Broadway premiere of Wilson’s first play, the only work from his The American Century Cycle never previously seen on Broadway. Set in the early 1970’s, the story follows a group of men who drive unlicensed cabs or jitneys.

Buy tickets to Jitney


sunset-boulevard-logoSunset Boulevard

Theater: The Palace
First Preview: February 2, 2017
Opening: February 9, 2017
Written by Christopher Hampton and Don Black (book/lyrics), and Andrew Lloyd Webber (music)
Director: Lonny Price
Cast: Glenn Close
Revival of the 1994 musical based on the 1950 Billy Wilder movie about a faded Hollywood silent film goddess who tries to make one last comeback. This production was seen in a spring 2016 revival in London.



Buy tickets to Sunset Boulevard

Sunday in the Park With George

sunday-in-the-park-logoTheater; Hudson
First Preview: February 2, 2017
Opens: February 23

Closes: April 23
Music and lyrics by Stephen Sondheim; book by James Lapine
Cast: Jake Gyllenhaal and Annaleigh Ashford
Transfer of the New York City Center‘s fall 2016 concert version of the Pulitzer-winning 1984 musical about pointillist painter George Seurat.



Buy tickets to Sunday in the Park with George


Significant Other

Significant Other logoTheater: Booth

Previews: February 14, 2017
Opens: March 2, 2017
Playwright: Joshua Harmon
Director: Trip Cullman
Cast: Gideon Glick, Barbara Barrie and Lindsay Mendez
Transfer of the Roundabout Theatre Company’s 2015 Off-Broadway hit about a gay bachelor looking for love in the big city.



Buy tickets to Significant Other

The Glass Menagerie

glass-menagerie-logoTheater: John Golden
Playwright: Tennessee Williams
Director: Sam Gold
First preview: February 14, 2017
Opening March 9, 2017
Cast: Sally Field, Joe Mantello, Finn Witrock, Madison Ferris
The eighth production of Tennessee Williams play on Broadway.


Buy tickets to The Glass Menagerie

Come From Away

Theater: Schoenfeld
Previews: February 18, 2017
Opens: March 12, 2017
Book, music and lyrics by the Canadian husband-and-wife team Irene Sankoff and David Hein.
Director: Christopher Ashley
Cast: Chad Kimball, Jenn Colella, Joel Hatch, Rodney Hicks and Caesar Samayoa.
New musical that explores the lasting connection forged between a group of travelers whose planes were diverted to a small Newfoundland town on Sept. 11, 2001.
The show had its world premiere at the La Jolla Playhouse in summer 2015,



Buy tickets to Come From Away

The Price

theprice-logoTheater: Roundabout’s American Airlines
Playwright: Arthur Miller
Director: Terry Kinney
First preview: February 16, 2017
Opening: March 16, 2017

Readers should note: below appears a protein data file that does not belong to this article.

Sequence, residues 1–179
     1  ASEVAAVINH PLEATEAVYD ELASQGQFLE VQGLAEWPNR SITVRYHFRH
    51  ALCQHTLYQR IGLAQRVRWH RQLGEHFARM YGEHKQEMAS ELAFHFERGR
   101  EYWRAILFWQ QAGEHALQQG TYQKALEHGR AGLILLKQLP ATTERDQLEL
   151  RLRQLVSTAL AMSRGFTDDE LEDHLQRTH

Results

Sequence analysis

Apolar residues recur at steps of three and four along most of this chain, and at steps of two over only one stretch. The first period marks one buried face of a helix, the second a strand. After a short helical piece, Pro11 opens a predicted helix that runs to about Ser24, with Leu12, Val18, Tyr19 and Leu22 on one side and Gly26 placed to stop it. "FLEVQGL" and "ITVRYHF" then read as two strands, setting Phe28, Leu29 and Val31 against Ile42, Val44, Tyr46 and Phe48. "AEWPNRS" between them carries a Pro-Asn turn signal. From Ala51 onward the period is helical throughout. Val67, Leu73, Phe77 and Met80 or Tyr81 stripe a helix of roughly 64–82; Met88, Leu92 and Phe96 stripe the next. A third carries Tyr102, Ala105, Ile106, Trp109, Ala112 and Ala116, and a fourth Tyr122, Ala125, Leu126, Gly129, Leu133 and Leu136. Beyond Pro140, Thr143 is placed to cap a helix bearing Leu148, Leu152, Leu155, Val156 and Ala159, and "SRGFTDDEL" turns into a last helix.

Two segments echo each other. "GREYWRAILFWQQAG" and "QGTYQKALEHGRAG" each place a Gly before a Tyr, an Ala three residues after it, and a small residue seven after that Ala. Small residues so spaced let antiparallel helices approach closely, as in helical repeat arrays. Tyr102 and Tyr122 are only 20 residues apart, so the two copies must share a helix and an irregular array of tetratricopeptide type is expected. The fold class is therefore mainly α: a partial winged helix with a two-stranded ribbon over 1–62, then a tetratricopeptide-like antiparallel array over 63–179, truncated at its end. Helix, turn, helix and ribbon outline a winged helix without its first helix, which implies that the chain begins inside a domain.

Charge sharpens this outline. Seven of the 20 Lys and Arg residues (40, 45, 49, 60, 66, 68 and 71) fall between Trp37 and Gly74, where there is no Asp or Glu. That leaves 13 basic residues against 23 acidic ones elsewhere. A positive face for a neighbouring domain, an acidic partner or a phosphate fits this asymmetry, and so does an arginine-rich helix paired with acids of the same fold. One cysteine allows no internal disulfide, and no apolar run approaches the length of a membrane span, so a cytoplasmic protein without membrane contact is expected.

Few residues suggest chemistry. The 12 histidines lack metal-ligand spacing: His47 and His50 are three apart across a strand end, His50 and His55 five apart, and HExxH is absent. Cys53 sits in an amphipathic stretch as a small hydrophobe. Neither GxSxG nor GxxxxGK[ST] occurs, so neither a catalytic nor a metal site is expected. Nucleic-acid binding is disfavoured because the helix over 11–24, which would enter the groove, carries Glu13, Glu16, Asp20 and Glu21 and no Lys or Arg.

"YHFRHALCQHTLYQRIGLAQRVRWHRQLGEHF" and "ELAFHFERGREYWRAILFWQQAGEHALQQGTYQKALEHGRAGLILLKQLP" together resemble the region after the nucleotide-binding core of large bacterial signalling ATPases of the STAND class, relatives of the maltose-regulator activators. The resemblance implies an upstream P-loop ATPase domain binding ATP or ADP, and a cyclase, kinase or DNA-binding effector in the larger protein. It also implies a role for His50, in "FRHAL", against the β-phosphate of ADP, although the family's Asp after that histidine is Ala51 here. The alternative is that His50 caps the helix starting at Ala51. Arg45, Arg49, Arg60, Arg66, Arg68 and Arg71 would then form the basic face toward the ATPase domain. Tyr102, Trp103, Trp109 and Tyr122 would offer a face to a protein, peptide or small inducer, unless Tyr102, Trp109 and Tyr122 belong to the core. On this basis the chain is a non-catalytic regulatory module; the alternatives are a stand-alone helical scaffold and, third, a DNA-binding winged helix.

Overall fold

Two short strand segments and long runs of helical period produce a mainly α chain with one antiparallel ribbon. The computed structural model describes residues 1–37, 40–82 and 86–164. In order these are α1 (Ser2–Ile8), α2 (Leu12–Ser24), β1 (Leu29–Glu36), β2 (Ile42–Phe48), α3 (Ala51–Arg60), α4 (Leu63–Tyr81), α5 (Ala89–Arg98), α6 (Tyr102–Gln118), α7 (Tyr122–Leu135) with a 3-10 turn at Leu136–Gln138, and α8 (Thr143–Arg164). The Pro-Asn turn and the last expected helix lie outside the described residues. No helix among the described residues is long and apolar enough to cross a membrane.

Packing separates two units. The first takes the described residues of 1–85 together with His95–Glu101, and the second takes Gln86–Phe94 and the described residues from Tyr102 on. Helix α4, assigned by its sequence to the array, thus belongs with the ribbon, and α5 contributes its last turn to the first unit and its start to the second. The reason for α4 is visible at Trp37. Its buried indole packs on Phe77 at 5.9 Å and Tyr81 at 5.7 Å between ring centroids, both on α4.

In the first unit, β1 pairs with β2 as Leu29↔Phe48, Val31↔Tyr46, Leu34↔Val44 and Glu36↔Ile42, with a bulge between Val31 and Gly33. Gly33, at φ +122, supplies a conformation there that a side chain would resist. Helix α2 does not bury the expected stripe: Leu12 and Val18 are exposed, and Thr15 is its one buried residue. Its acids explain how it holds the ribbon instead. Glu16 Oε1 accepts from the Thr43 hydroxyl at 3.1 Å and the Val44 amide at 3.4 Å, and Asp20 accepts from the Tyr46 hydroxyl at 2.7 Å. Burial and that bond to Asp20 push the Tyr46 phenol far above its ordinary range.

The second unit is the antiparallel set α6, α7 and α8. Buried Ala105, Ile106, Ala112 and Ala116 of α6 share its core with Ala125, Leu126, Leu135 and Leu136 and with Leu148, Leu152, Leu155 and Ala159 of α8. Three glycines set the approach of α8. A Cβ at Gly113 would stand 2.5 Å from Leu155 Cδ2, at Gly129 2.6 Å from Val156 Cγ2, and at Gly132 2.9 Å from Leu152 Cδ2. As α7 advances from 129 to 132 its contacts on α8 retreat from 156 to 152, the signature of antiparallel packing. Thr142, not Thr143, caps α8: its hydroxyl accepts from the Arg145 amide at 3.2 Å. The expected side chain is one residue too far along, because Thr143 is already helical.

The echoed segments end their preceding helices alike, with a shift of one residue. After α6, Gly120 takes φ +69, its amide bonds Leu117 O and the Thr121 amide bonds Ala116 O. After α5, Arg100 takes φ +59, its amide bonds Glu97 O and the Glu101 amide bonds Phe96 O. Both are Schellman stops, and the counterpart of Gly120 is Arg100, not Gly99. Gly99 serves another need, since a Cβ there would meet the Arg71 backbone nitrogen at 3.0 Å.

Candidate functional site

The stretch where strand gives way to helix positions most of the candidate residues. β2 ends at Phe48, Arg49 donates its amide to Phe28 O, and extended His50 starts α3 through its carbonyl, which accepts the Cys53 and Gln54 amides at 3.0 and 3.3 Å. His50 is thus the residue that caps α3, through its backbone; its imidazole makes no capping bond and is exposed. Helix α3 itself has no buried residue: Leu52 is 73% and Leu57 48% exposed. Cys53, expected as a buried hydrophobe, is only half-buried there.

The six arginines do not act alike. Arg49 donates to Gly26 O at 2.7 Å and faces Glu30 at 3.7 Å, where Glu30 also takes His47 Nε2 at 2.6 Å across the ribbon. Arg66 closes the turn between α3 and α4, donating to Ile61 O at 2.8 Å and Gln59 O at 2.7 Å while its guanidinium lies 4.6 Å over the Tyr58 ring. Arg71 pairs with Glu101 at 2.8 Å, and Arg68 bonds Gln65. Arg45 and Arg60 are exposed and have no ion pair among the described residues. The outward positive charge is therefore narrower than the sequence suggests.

Cast: Danny DeVito, Jessica Hecht, Tony Shalhoub, John Turturro
Tweeter feed: @RTC_NYC


A revival of the 1968 drama about two estranged brothers who reunite to sell their the remainder of their parents’ estate.

Buy tickets to The Price

Miss Saigon

Miss Saigon logoTheater: Broadway
Previews: March 1, 2017
Opens: March 23, 2017
Written by Claude-Michel Schönberg (music), Alain Boublil and Claude-Michel Schönberg (lyrics), Alain Boublil and Claude-Michel Schönberg (book)
Director: Laurence Connor
Cast: Jon Jon Briones and Eva Noblezada
An American soldier named Chris marries Kim in Vietnam before departing for the US. Three years later, he returns to find Kim still alive and raising Tam, a boy he fathered. With the Viet Cong closing in on the city and two women wanting the only place in his heart, Chris has big decisions to make.



Buy tickets to Miss Saigon


sweat-logoTheater: Studio 54
First previews: March 4, 2017
Opens: March 26, 2017
Playwright: Lynn Nottage
Director: Kate Whoriskey
Cast: Carlo Albán, James Colby, Khris Davis, Johanna Day, John Earl Jelks, Will Pullen, Miriam Shor, Lance Coadie Williams, and Michelle Wilson
Broadway transfer of the hit Public Theatre production of Nottage’s drama about blue-collar workers in a Pennsylvania town at the turn of the millennium.

Twitter: @SweatBroadway


My review of Sweat off-Broadway

Buy tickets to Sweat


The Play That Goes Wrong

play-that-goes-wrong-logoTheater: Lyceum
First preview: March 9, 2017
Opens: April 2, 2017
Written by Henry Lewis, Jonathan Sayer and Henry Shields
Director: Mark Bell
Cast: Matthew Cavendish, Bryony Corrigan, Rob Falconer, Dave Hearn, Henry Lewis, Charlie Russell, Jonathan Sayer, Henry Shields, Greg Tannahill, and Nancy Zamit.
Olivier Award-winning comedy about an amateur university production that goes hopelessly awry

Twitter: @BwayGoesWrong


Buy tickets to The Play That Goes Wrong


amelie-logoTheatre: Walter Kerr
First preview: March 9, 2017
Opens: April 3, 2017
Written by Dan Messé (music), Nathan Tyson (lyrics), Craig Lucas (book)
Director: Pam MacKinnon
Cast: Phillipa Soo and Adam Chanler-Berat
A musical adaptation of the  2001 film, which starred Audrey Tautou as a shy waitress with a wild imagination.



Buy tickets to Amelie

Present Laughter

present-laughter-logoTheater: St. James
Target Previews: Early spring 2017
Opening: April 5, 2017
Playwright: Noël Coward
Director: Moritz von Suelpnagel
Cast: Kevin Kline

Revival of the 1940s comedy about the tribulations of a popular matinee idol.